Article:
Ben-Gurion called for "increasing the army's importance. When I said the nation ascribes importance to the army, [Sharon] said: Yes, but the army itself doesn't. This, perhaps, is an apt observation."
On this occasion, according to Ben-Gurion's journal, the 31-year-old Sharon expounded his military philosophy. "In his opinion we are wasting time and money on training for reserve soldiers - more work should be invested in commanders. The commander makes the difference. The reserves can be trained a few days before the battle - we will always know a few weeks before the war that it is approaching. The navy is unnecessary, except for submarines and Flotilla 13 [special operations ]. It is costing millions. It is better to invest this money in the air force. This force is intended not only for destroying the enemy's air force but also for attacking the enemy's tanks and other forces. The number of brigades should be reduced from 26 to 10 or 12, and they should be enhanced.
"Every brigade will get an armored battalion, a Caterpillar battalion and an infantry battalion," wrote Ben-Gurion. "It should be assumed our wars will last for only two days, because the United Nations will not give us more time and we have to win within a short time. This is possible with reinforced strike forces: air force, paratroops and tanks, not against the enemy's tank force - because this is bigger than us quantitatively, and it will be fought by our air force, but rather for the swift occupation of Damascus or some other similar destination. The commands must deal only with defending the borders but the strike brigades should be put directly under the General Staff. He will submit his ideas to me in writing two days from now. His conversation reminded me of the character of Orde Wingate."
Geva, too, was summoned for a talk. To his surprise, Ben-Gurion asked little about Sharon; he made do with Geva's proposal to appoint Sharon commander of the infantry school, Training Base 3, and took an interest in the training department head's opinion about Syria's borders. Geva did not identify Ben-Gurion's hidden agenda: to bring about, together with Turkey (whose general staff was pursuing secret contacts with IDF operations directorate head Avraham Tamir ), a war against Syria that would topple it as a state entity and as a military enemy. Sharon, judging by the mention of "occupying Damascus," had better informaton from his sources.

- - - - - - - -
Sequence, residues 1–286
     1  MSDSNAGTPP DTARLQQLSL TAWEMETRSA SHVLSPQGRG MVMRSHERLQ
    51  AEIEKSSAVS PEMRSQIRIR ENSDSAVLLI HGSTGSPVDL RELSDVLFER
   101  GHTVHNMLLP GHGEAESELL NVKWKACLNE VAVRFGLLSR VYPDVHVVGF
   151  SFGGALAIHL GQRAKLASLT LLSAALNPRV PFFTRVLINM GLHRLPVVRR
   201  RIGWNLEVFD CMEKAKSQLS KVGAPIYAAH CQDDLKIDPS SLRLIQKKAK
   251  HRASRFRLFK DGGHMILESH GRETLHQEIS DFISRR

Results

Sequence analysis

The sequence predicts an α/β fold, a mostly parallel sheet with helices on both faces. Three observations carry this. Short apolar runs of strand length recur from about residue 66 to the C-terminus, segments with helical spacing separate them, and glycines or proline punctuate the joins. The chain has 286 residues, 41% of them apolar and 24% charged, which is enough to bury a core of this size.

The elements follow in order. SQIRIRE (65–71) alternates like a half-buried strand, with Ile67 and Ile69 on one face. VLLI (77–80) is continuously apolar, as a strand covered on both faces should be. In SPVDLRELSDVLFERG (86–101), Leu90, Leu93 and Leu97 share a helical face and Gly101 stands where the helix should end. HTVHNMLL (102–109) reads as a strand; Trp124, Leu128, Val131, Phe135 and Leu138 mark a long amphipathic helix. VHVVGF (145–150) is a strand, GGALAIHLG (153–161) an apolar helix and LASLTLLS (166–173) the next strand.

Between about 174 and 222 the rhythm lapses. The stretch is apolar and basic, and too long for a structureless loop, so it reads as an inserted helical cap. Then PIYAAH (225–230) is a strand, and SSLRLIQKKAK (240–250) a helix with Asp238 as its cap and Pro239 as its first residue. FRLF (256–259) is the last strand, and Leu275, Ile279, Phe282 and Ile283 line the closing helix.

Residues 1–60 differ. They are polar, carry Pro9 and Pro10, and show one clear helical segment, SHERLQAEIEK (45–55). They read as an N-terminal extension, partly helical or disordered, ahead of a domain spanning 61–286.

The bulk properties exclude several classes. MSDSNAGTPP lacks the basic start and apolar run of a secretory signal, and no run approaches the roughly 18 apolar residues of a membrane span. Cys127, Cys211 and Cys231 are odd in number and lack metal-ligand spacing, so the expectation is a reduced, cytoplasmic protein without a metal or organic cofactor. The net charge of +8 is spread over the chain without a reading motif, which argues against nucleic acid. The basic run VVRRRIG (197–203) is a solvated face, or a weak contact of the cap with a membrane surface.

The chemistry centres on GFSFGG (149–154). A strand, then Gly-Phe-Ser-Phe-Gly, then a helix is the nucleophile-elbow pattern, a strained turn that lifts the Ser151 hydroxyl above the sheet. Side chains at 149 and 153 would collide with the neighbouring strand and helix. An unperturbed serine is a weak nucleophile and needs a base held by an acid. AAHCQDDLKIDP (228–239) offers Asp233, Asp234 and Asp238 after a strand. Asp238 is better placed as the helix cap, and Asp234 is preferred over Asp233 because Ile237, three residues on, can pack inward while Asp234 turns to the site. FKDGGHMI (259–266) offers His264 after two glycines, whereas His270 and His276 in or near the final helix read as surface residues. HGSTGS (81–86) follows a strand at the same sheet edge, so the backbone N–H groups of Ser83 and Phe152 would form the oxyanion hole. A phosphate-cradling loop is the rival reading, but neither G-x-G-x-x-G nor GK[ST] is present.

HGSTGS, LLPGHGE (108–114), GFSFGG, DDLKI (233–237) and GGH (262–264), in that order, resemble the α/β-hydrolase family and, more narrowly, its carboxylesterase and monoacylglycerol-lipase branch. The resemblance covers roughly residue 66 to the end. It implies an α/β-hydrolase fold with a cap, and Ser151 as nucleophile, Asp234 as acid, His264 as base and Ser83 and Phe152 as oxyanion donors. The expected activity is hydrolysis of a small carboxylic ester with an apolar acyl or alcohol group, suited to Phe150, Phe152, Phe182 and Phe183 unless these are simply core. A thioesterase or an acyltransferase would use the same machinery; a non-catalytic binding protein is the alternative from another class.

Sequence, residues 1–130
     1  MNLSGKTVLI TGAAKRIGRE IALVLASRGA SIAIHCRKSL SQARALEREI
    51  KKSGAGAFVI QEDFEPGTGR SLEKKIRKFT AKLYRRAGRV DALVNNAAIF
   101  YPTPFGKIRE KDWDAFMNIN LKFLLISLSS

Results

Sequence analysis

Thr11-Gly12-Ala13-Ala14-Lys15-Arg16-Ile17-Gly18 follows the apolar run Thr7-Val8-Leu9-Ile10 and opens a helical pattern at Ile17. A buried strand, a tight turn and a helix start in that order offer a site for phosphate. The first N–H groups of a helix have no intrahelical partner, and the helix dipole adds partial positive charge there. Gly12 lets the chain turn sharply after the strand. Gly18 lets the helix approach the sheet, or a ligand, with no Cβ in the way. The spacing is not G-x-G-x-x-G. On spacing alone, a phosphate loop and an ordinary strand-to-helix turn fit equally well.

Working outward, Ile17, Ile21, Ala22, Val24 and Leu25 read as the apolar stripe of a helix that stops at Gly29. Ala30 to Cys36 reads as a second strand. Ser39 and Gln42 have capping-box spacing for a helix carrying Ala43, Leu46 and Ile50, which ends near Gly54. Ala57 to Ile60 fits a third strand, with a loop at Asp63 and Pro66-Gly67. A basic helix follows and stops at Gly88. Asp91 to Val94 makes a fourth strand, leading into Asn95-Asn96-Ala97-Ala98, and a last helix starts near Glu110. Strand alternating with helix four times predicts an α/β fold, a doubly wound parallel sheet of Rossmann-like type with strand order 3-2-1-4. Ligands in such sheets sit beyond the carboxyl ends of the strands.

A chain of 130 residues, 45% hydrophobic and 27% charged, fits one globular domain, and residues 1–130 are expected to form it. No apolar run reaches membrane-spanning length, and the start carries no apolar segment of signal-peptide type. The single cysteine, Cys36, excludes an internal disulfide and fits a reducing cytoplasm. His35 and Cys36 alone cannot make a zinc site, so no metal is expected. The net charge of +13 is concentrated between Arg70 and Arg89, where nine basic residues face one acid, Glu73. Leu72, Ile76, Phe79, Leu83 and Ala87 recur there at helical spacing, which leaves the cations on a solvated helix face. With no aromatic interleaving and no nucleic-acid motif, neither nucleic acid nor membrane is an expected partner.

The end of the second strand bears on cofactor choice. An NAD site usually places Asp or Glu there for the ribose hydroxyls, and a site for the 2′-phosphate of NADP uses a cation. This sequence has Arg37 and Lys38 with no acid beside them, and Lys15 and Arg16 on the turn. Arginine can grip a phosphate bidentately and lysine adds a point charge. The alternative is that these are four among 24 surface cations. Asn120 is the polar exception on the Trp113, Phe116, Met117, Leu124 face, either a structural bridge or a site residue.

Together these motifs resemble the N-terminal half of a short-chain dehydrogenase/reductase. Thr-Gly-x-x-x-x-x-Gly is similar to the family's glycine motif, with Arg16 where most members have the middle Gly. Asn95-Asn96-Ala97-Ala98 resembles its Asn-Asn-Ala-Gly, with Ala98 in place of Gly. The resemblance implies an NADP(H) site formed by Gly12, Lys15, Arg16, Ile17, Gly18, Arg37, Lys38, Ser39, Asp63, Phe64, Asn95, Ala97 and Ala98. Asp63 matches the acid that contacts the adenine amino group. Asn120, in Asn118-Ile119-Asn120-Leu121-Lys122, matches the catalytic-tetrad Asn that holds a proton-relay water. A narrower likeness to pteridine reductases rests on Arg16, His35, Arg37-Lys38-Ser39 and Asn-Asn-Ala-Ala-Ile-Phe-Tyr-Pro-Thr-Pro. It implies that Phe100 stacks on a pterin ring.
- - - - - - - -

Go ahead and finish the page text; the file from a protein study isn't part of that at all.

Ben-Gurion's journal documents another conversation, with Laskov. "I spoke with him about Arik. I suggested talking with him. He has negative characteristics and also welcome qualities. I would like to give him a chance to return to the straight and narrow, because he is an important soldier. I told Haim I would talk to him about Training Base 1 and Training Base 3, but I will leave the decision in Haim's hands. However, I want to know Arik's attitude, and also whether he promises to behave correctly and accepts the army's judgment. When Arik came to me he heard the three proposals regarding him (Training Base 1, Training Base 3, commander of a reserve brigade ) - but this is a dismissal, and not a just one. I said to him, how will you be able to work with Geva when you don't obey him. He admitted he hadn't entirely behaved correctly, but [said] he didn't deserve dismissal."
And another conversation, a few days later: "I invited Arik to come to me this morning. He submitted a reasoned complaint about the chief of staff's attitude toward him. His claims are correct in part. There is something in him of Wingate - apart from Wingate's moral character. I told him I agree with many of his claims (I didn't go into detail ) but he is ignoring the difference between our army and a British army. They were an imperial army, part of which was stationed in Sudan, part in the Far East, part in Europe and more. Our army is small and concentrated in a small country. Every little thing or big thing is known to everyone. There is gossip. If an officer is allowed to infringe discipline - because of his positive qualities - this will be seen as favoritism. Just as in the state, so in the army: The need of the collective and the needs of the individual must be taken into account. And I advise him to accept the judgment with love [accepting command of Training Base 3]. His role will not end with this. Arik took these things as a great blow and nearly cried."
Want to enjoy 'Zen' reading - with no ads and just the article? Subscribe todaySubscribe now